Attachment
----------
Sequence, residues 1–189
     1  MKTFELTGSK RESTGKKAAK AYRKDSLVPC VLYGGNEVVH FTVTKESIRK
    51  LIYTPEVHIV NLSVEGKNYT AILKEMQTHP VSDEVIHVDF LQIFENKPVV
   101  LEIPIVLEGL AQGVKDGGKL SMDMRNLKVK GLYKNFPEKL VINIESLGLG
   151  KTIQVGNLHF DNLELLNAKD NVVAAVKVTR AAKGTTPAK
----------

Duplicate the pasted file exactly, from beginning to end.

Sequence, residues 1–189
     1  MKTFELTGSK RESTGKKAAK AYRKDSLVPC VLYGGNEVVH FTVTKESIRK
    51  LIYTPEVHIV NLSVEGKNYT AILKEMQTHP VSDEVIHVDF LQIFENKPVV
   101  LEIPIVLEGL AQGVKDGGKL SMDMRNLKVK GLYKNFPEKL VINIESLGLG
   151  KTIQVGNLHF DNLELLNAKD NVVAAVKVTR AAKGTTPAK